G+W were in turn acquired by Viacom in 1994; as part of the emphasis on media, Viacom sold MSG (and related assets) to a 50-50 venture of ITT (ITT) and Cablevision (OTC:CVHSY) for $1 billion; in 1997, Cablevision acquired ITT’s stake for $600 million giving it full ownership.
Cablevision was one of the great media success stories of the 1970’s and 1980’s, founded in 1973 by Charles Dolan (still living today at 95yo and who also created Home Box Office) to provide cable television subscriptions to Long Islanders, but expanding over the years supplying subscriptions to 3 million NY area cable customers. Cablevision publicly floated in 1986 and span off two businesses – Madison Square Garden Company in February 2010 and AMC Networks (AMCX) in July 2011. The residual Cablevision business was acquired by Altice (ATUS) in 2015 for $17 billion (including debt).
In September 2015, Madison Square Garden Company spun off the venue (+ associated assets) and the two teams into a new company, with the old company being renamed MSG Networks. The new MSG Company perpetrated another spin in August 2020 with the venue assets once again moving to a new company (MSG Entertainment – MSGE) and the continuing company housing the two sports teams as MSGS.
All of the Dolan entities have split voting structures of single vote “A” common shares entitled to elect 25% of the respective company board and “B” common shares with ten votes entitled to elect 75% of the board of directors. The Dolan family own all of the “B” shares in the respective entities.
Why are we revisiting “MSG”?
In May 2019, the old MSG (now MSGS) traded at $302 a share. The combination of the MSGE “SpinCo” at $44.09 and MSGS at $136.66 adds to $180.75, a decline of 40%. But there is no plausible way the sports team valuations have declined over the past three and a half years, despite COVID, and there are moves afoot to enhance the value of the “arena company”.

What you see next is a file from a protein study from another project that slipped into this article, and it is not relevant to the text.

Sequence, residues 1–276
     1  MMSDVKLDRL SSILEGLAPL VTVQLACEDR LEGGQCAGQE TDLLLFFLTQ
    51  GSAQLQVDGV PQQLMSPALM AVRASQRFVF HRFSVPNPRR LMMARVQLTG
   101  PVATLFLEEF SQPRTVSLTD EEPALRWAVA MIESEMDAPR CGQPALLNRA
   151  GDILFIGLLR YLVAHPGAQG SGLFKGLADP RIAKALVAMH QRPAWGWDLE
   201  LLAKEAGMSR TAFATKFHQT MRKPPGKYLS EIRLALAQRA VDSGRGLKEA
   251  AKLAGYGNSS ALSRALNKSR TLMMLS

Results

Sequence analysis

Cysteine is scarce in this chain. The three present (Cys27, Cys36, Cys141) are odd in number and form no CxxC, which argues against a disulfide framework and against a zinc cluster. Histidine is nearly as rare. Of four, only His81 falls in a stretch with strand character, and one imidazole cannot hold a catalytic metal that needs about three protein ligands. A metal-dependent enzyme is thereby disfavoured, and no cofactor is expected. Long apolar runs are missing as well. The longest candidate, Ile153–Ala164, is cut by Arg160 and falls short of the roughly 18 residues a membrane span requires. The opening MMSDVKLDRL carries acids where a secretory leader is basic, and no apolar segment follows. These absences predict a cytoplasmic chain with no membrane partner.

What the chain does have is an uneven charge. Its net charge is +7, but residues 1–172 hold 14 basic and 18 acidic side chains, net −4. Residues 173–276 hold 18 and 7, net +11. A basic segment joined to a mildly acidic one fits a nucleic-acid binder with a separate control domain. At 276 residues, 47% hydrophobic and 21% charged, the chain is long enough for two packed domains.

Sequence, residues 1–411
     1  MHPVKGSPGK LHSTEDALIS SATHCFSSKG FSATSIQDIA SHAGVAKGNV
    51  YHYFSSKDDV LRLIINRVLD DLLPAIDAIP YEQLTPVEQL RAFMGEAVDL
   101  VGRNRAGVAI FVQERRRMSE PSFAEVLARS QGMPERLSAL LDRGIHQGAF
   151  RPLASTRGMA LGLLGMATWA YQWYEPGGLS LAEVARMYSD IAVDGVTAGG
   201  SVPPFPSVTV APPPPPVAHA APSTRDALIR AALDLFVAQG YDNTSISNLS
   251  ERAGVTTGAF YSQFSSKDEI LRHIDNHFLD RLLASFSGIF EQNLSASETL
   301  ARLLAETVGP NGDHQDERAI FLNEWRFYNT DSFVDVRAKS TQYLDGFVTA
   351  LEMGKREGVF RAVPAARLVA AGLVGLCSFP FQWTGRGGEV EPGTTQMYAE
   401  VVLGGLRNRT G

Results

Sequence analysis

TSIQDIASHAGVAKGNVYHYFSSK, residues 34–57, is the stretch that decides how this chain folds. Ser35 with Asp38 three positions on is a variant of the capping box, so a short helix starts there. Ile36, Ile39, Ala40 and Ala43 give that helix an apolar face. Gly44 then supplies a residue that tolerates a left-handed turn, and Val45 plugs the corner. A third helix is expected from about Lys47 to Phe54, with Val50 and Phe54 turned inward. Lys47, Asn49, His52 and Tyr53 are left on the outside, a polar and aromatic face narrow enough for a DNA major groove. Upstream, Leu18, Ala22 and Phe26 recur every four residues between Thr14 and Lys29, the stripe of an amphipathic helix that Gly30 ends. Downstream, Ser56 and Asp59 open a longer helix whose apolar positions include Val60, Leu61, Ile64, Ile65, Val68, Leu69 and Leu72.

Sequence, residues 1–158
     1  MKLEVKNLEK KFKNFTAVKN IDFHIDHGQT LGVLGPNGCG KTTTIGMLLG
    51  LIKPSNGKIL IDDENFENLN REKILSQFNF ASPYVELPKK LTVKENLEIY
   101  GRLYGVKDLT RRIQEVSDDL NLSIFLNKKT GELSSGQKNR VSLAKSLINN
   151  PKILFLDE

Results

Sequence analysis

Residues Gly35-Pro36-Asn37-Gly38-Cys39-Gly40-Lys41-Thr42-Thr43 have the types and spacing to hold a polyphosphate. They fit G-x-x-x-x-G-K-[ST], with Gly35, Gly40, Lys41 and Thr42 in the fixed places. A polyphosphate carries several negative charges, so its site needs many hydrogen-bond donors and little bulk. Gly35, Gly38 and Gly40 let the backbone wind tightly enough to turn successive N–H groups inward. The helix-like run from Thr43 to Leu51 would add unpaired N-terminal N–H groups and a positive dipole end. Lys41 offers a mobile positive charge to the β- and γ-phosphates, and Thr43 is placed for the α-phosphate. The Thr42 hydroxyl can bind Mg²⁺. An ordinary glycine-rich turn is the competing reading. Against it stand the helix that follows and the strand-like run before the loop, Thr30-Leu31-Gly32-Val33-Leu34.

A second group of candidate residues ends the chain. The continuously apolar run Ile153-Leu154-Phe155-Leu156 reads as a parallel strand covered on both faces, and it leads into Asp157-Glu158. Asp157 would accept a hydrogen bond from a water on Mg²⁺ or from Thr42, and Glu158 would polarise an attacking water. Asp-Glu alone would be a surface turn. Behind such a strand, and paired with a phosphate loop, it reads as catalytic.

The arena company will undergo another spin, this time of the arena itself, and MSG Networks, leaving the $2 billion “MSG Sphere” project at the Venetian in Las Vegas and Tao Hospitality in the erstwhile parent. As MSGE has mulled this restructure over, the Mayor of New York, Eric Adams, has reopened the possibility of relocating Madison Square Garden for a fifth time, given the constraints it enforces Penn Station below it.
So where does this leave the publicly traded MSGS? Whilst underpinned by positive economics, owning stock in the team is held back by a family-controlled structure and past erratic attitudes towards the team((s)). To some extent, the main (only?) investment thesis is a sale of the teams – a factor reflected in the share prices. MSGS has only 24.77m shares issued trading at $136.66. Accounting in sports teams is arcane due to deferred revenues sat on the balance sheet often leading to upfront cash and hefty seasonality. Whilst MSGS net debt at $160 million is low, on our estimates there is around $320m of negative working capital.